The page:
• Interpersonal Skills: Establishes good working relationships with all others who are relevant to the completion of work; works well with people at all levels of the campus community; builds appropriate rapport; uses diplomacy and tact; avoids communication triangles.
  • Conflict Management: Understands the dynamics of negotiation among conflicting interest groups and how to achieve mutual agreement; reads situations quickly; can find common ground and get cooperation with minimal anxiety.
  • Hiring and Staffing: Identifies new talent; attracts and hires the best people; clearly defines the essential functions and core competencies of a role before hiring; is not afraid or intimidated of selecting strong people.
  • Team Building: Blends people into teams when appropriate; leads the team successfully through difficulties and challenges; creates strong morale and spirit in their team; shares wins and successes; defines success in terms of the whole team; creates a feeling of belonging and pride in the team.

Diversity, Equity, Inclusion, and Access at USD

The University of San Diego has demonstrated an increased institutional interest in matters of Diversity, ensuring Equity, fostering Inclusion, and increasing Access in the last twenty years. In 2005 USD established a Committee on Inclusion and Diversity. The committee issued a set of recommendations in 2007 as to how to craft a way forward in diversity work. As a result, the Presidential Advisory Board for Inclusion and Diversity (PABID) was formed in 2008 to lead institutional diversity and inclusion efforts. PABID initiated a number of programs, and issued a report, recommending the establishment of the Center for Inclusion and Diversity (CID). Currently the CID is one of several diversity initiatives across USD; however, the CID has a particularly important role in influencing the direction of DEIA work on our campus. The work of the CID and the organizations and committees that predate it have been important and helped move USD from a predominantly racially, religiously, and economically homogeneous institution to the more diverse community we enjoy today.

Our campus, like many others across our country, is navigating a critical turning point on issues of DEIA. We are witnessing the reemergence of similar nationalist social and political ideals that led our global community into two world wars and our country into a prolonged cold war. Our campus community, situated near the border between the United States and Mexico, is not immune to the consequences of this rhetoric. As a globally recognized institution in Southern California we must be among those leading the way toward a more just and inclusive society.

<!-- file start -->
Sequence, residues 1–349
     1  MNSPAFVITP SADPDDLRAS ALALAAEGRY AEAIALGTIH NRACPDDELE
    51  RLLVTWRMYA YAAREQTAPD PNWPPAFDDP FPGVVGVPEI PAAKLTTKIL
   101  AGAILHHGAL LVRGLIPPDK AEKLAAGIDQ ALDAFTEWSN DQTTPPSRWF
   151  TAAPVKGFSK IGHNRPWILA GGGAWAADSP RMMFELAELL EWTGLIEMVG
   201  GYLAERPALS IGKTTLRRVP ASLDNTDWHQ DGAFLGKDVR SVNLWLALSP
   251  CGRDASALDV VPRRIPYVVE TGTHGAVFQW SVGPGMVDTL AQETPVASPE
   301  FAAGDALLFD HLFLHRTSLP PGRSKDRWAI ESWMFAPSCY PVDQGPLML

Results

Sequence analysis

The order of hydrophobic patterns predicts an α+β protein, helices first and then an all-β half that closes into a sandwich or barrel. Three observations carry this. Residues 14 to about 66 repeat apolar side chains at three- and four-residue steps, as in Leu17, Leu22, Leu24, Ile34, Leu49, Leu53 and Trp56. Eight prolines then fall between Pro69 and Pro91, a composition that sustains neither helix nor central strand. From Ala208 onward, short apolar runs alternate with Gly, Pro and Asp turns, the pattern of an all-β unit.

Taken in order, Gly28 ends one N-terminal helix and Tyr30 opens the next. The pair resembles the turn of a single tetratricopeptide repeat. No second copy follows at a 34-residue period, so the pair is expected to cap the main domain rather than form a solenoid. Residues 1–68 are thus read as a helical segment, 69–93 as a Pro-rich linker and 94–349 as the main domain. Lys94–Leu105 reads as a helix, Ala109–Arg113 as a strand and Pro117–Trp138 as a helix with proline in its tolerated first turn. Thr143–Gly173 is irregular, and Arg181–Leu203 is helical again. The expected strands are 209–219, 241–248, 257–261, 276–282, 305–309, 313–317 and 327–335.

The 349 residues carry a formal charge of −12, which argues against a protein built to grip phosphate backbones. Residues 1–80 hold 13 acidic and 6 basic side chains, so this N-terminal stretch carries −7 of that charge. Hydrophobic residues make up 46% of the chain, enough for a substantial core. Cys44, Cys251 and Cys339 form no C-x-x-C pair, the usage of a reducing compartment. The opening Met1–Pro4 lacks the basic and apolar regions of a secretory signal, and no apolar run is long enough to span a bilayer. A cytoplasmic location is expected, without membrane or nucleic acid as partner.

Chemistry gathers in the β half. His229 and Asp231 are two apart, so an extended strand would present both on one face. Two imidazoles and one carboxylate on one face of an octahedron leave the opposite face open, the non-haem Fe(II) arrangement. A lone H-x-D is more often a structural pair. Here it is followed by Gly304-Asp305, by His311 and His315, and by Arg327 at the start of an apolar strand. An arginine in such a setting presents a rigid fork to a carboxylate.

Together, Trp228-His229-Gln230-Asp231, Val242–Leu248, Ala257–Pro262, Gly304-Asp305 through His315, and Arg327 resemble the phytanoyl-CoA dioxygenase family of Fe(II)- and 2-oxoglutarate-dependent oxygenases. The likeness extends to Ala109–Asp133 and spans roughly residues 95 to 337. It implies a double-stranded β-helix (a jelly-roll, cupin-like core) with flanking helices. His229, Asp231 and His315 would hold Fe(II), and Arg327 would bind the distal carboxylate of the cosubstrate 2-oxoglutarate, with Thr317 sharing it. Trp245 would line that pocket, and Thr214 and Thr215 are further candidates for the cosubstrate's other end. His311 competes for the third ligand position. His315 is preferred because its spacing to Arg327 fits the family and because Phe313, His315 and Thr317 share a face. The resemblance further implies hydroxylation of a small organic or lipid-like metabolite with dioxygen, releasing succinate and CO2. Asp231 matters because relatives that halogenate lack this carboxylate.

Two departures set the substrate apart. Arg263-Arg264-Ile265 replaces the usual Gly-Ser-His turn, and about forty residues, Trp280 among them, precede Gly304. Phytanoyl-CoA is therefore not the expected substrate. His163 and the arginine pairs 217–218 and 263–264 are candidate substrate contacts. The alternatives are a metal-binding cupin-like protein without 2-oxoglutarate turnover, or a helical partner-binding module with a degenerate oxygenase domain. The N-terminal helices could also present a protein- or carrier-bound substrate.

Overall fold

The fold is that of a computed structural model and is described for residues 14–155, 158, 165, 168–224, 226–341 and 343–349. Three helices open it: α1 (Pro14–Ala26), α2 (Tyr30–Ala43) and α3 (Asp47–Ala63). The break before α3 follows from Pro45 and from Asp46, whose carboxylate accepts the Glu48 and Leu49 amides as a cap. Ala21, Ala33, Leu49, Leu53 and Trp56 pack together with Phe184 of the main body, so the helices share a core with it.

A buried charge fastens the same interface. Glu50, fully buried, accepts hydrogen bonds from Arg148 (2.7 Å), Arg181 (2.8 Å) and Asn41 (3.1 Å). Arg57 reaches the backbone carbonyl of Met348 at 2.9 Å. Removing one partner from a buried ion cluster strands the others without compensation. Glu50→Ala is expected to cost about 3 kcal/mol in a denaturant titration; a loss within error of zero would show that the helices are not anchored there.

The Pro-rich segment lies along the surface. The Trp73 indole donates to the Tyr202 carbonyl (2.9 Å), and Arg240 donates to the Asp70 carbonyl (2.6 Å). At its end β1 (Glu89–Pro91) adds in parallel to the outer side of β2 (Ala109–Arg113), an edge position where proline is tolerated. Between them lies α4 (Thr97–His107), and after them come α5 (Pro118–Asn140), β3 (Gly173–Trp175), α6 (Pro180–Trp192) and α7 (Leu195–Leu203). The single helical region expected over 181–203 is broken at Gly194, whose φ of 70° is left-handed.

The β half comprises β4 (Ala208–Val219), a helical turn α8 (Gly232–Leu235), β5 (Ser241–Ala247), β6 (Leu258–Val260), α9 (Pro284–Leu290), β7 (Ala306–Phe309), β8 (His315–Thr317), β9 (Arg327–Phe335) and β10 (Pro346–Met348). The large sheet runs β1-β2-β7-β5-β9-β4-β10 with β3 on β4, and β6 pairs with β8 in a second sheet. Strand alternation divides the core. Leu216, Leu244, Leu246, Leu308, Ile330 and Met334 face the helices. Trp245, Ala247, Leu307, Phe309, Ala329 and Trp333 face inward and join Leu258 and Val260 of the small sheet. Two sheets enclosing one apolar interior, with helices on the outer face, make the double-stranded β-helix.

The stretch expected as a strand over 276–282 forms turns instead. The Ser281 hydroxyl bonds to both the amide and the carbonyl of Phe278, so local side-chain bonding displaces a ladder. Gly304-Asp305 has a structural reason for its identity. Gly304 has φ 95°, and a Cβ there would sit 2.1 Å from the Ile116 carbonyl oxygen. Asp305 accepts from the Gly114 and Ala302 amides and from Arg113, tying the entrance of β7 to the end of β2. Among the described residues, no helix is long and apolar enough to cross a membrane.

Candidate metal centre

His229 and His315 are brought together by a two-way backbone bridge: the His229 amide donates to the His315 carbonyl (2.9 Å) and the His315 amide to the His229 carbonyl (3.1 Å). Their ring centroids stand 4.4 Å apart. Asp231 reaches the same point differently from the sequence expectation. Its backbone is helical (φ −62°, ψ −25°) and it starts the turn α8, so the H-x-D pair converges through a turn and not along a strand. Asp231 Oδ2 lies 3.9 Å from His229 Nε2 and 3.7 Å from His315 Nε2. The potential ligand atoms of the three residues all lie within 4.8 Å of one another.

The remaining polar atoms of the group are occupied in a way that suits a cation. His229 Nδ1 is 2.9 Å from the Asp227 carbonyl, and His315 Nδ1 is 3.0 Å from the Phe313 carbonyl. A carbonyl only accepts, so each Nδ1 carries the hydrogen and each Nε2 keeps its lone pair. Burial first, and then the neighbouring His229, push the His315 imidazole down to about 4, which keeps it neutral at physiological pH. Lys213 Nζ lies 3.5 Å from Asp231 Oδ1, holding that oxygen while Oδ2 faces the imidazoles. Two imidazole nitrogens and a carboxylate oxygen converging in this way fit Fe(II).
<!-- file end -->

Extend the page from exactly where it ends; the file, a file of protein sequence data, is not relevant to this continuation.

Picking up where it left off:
Given the changes in the global socio-political context and the changes (and desired changes) in our student, faculty, staff, and administrative makeup, we believe an expanded and more intensely resourced approach to addressing DEIA at USD is needed. We aim to continue moving beyond being an institution that is interested in the quantitative metrics of diversity, to one committed to diversity, equity, inclusion, and access –- one that accepts and embraces the notion that the fundamental makeup of who we are and who we are becoming will shift as we include the voices of those who have been historically silenced.

As a contemporary Roman Catholic institution, USD is committed to DEIA because our institutional mission influences our vision of what our community can become. This vision proclaims that all human beings possess inherent dignity. Discrimination and dehumanization of any kind are therefore an affront to the common good that we are called to pursue. The Roman Catholic Church defines the common good as “the sum total of the conditions of social living, whereby persons are enabled to achieve their own perfection.” In this way, the common good requires not only that individuals have life but also that they are equipped with the necessary tools that will enable them to flourish. The campus community that we strive to continue building should empower all people to explore, learn, and discern what is needed to ensure that each member’s past, present and future communities will flourish.

To this end, we believe that DEIA should be guided, informed, and formed by the following six philosophical principles which align with our Catholic Identity, our Strategic Plan Envision 2024, and our Mission:

  1. Generosity– offering resources to address the needs of the campus community, but especially to those in our community who are most vulnerable.
  2. Solidarity– caring directly for the immediate needs of the USD campus community, serving as allies, seeking to listen and learn from the experiences of one another.
  3. Advocacy– bearing witness to the plight of those community members who come from backgrounds that have historically suffered. Using empirical data methods, both quantitative and qualitative, to investigate and follow with appropriate action (i.e., diversity dashboard, surveys).
  4. Empowerment– providing marginalized members of the campus community with skills, tools, and personal capacities to sustain their own flourishing.
  5. Justice– attending to the root structural (or systemic) causes that give rise to marginalization in the first place.
  6. Accountability– Committing fully and in a transparent way to the work of access, inclusion, equity, and diversity.

Application Instructions

For preferred consideration, applications should be received by March 6, 2020; however, applications will continue to be accepted until the position is filled. Applications and expressions of interest should be accompanied by a cover letter, curriculum vita, and the names of five references. Cover letters should address how the candidate’s experience and qualifications have prepared them for the role. Nominations, applications, and inquiries of interest may be sent in confidence to the University’s executive search firm:

Martin M. Baker, Managing Partner

Chelsie Whitelock, Principal